While the presence of a judicial officer, ensures “no risk of underhand dealings or for coercion or  improper inducement by the prosecution”, plea bargaining requires a different approach with respect to sentencing discretion with the court. This is primarily for two reasons; firstly, the  central theme of the plea bargaining system is the mutuality of benefit to the parties concerned; and secondly, because there is no provision for an ordinary appeal against the decision of the court  under the plea bargaining arrangement.
For instance, in the American system the accused would approach the court in a situation where the prosecution is agreeable to concessional treatment, as well as the “extent” of such treatment. In other words, when one invokes the plea bargaining procedure before the court, one is assured of the extent of the concession he is likely to secure in the event of the application being allowed by  the court. Unless there is a reasonable chance of securing some advantage, no accused would  avail of this scheme. In India however, such “haggling-haggling” between the accused and the prosecutor is considered unacceptable and hence “some other formula requires to be evolved in  order to make the scheme reasonably attractive or workable.”
Therefore, under this scheme in India, it is theoretically possible that the court may give different sentences for two persons accused of the same offence or in a graver situation, provide no concessionary treatment at all. The decisions of the courts have provided little clarity on account of the various High Courts having taken different stands with respect to sentencing discretion under Section 265E of the Code. The Hon’ble High Court of Delhi in 2011 held that Section 265(c) and (d) of the Code provide for the maximum sentence which can be awarded by the court and the court must consider the mitigating circumstances. The Hon’ble High Court of Bombay in 2012 however held, that the term “may” under Section 265(c) and (d) of the Code should be read as “shall”, thereby, leaving no discretion to the court in awarding sentences under the Code. The court held that any other interpretation would be “...destructive to the legislative intent...In our view, if the provision was to be interpreted to have invested discretion in the Court to decide on the quantum of the sentence, it would introduce an environment of uncertainty in awarding sentence. That may shake public confidence and would be counter-productive.” A ruling from the Hon’ble Supreme Court of India on this topic would authoritatively decide the correct interpretation of Section 265(c) and (d) of the Code.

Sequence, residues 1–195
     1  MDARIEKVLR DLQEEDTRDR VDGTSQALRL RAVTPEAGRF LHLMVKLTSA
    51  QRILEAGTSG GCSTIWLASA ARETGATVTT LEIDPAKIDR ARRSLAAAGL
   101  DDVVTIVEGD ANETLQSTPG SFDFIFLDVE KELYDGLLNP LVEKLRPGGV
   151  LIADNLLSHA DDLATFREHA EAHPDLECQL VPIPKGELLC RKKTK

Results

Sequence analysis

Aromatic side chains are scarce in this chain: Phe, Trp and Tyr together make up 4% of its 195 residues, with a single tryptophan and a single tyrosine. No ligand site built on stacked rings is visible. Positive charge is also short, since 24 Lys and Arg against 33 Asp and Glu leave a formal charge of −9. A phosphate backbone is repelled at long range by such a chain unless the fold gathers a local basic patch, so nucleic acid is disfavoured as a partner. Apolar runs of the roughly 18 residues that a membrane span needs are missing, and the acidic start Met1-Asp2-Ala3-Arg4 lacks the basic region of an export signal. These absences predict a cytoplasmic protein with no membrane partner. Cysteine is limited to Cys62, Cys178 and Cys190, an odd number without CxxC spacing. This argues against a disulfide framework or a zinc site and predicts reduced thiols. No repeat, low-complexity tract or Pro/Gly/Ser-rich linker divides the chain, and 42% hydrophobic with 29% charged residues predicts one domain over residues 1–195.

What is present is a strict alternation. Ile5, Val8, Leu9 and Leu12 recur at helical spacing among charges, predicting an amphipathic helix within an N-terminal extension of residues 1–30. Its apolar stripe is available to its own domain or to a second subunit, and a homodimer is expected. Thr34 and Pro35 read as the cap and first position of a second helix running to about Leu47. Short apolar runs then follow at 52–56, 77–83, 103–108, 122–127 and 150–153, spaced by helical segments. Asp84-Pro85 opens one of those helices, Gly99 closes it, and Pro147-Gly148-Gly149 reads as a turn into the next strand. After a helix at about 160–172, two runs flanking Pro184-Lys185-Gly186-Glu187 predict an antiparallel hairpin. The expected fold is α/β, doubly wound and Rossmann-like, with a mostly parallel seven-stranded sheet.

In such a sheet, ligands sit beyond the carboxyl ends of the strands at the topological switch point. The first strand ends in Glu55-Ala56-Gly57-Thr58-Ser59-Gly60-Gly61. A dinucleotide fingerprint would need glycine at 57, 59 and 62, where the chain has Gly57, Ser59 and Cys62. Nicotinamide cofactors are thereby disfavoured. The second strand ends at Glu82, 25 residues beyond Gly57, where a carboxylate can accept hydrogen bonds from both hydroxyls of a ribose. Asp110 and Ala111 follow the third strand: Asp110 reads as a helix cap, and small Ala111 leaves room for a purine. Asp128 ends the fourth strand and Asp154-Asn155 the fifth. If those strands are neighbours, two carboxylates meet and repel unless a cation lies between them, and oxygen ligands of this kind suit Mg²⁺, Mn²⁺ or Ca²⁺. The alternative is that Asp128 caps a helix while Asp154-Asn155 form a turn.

In the absence of a ruling from the Hon’ble Supreme Court of India and/or guidelines similar to the Sentencing Reform Act, 1984 of USA, such unfettered discretion with the court at the cost of uniformity may be discriminatory and work against the objective of the plea bargaining scheme. Setting Aside an “Unconscionable Bargain” What constitutes a “mutually satisfactory disposition of the case” or how it may be arrived at is left ambiguous by Section 265D of the Code and in the absence of any form of guidelines, provides leeway to a settlement which may be skewed unfavourably against the accused. The current provisions ignore the possibility of a power imbalance between the prosecution and the  accused. Especially in India, given the delays in the judicial system, where accused persons face the risk of spending several years as an under-trial, many may be induced to plead guilty  despite their innocence or to agree to an “unconscionable bargain”.
Under the present scheme, the court does not have to entertain an application if it is ascertained at the very outset that the accused did not file it voluntarily. However, the plea bargaining scheme has no provision for the court to reject the settlement arrived at by the parties. Typically, in an adversarial set-up, if the opposing parties reach a settlement, then the deciding authority  should not be allowed to disturb it. However, in a scenario where there may be serious inadequacies in the capabilities of the accused and/or a risk of prosecutorial coercion, a reasonable level of discretion on the part of the deciding authority is needed. Such failure to provide the court with a broad discretion to reject the compromise agreement will inevitably lead to injustice.